Referring now to the drawings in detail, and first to FIGS. 1, 5 and 6, blade stabilizers of the type referred to herein are disclosed and claimed in U.S. patent application Ser. No. 368,996, filed Apr. 16, 1982, now U.S. Pat. No. 4,407,377, and Ser. No. 508,814 filed June 29, 1983 now U.S. Pat. No. 4,491,187, the latter being attorney's file P-623. Both of these blade stabilizers are operated by increasing internal drill string pressure to drive down a piston assembly which in turn drives down a blade expander to expand the blades which are disposed in radial slots. The expander is controlled by a barrel cam which controls the lengths of downward and upward movements of the blade expander, according to the barrel cam pattern. On some downward strokes of the expander, the expander is moved fully downward and on some subsequent return strokes the expander is moved fully upward and on other subsequent return strokes the expander is moved partway downward and partway upward, all according to the barrel cam pattern. In application Ser. No. 368,996, referred to above, a ball valve is closed by increase of internal drill string pressure to create an effective piston for driving the expander downward. In the apparatus according to application Ser. No. 508,814, (P-623), the ball valve is omitted and the piston assembly is driven down by increased drill string pressure because of its larger upper surface area. In each of these apparatuses, an accumulator is provided to hold pressured fluid, such as pressured nitrogen gas, for biasing the piston in an upward position and for returning it to an upward position after it has been moved downwardly. In each case, a compression spring is also provided for the same purpose. These complete apparatuses are not shown in the disclosure of this application, and the showings of FIGS. 5 and 6 relate to the ball valve arrangement of application Ser. No. 368,996, the ball valve being modified to permit plural tool operations.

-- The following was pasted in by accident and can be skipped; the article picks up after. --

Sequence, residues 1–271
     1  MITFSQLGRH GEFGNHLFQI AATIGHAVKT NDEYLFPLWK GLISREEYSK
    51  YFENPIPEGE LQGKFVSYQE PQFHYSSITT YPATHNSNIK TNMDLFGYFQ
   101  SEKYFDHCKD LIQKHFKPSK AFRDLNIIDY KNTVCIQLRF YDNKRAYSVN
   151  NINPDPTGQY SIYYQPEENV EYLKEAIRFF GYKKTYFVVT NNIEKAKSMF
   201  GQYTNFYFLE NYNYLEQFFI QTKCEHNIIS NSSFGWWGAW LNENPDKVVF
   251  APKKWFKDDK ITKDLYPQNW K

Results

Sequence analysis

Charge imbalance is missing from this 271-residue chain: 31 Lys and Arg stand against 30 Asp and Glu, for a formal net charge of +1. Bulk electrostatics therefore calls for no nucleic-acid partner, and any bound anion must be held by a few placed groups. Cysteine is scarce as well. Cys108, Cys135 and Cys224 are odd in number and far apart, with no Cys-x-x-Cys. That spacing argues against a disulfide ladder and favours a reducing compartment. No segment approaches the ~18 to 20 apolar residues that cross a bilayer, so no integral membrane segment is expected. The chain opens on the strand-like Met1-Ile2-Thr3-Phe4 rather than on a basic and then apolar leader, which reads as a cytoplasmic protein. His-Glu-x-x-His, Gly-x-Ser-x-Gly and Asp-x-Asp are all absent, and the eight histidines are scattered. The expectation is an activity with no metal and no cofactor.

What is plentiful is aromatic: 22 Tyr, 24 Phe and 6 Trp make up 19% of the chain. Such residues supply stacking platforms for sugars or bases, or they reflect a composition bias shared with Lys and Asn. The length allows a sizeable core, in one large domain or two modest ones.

Referring to FIGS. 5-6, the tool has an outer upper housing body 10 within which is disposed a sleeve 11 slightly spaced inwardly of body 10. Seat rings 12, 13 above and below ball valve 14, are connected at opposite sides by longitudinal bars 15. Ball valve 14 has flow port 16 therethrough. Opposite smaller flow passages 17, 18 diametrically intersect flow passage 16. Passage 17 is a flow inlet passage, and is lined by a relatively thinner walled liner sleeve 19. Passage 18 is an outlet flow passage and is lined by a relatively thicker liner sleeve 20. O-ring seals 12a, 12b are provided inward and outward of seat ring 12, and O-ring seals 13a, 13b are provided inward and outward of seat ring 13.
Seat ring 12 has a spherically shaped downwardly facing seat 21 having a circular sealing ring 21a disposed in a circular groove therearound. Sealing ring 13 has an upwardly facing spherically formed seat 22 around which is disposed a circular sealing ring 22a in a groove therearound. Seat rings 12 and 13, connected by opposite axially disposed bars 15 at opposite sides of ball 14 are positioned in sleeve 11 between a downwardly facing shoulder 25 of sleeve 11 and an upwardly facing end 26 of lower body member 27, which is connected to body member 10 at threaded connection 28. An annular space 29 between body 10 and sleeve 11 is filled with a lubricating fluid such as oil introduced through a port (not shown) through body 10. A piston sleeve 30 bears at its spherically formed lower end against the upper side of ball 14, and is more completely shown in said application Ser. No. 368,996. When piston 30 is moved downwardly by increased pressure within the drill string and within passage 31 of piston sleeve 30, ball 14 is moved downwardly and is rotated 90° to closed position. Ball 14 has projecting cylindrical formations 32 at opposite sides thereof, each formation 32 sliding in an axial groove 33 in a bar 15 as the ball moves down. Ball 14 has opposite slots 34, formed as shown, which are engaged by pins 35, one at each side of the ball carried by the opposite bars 15.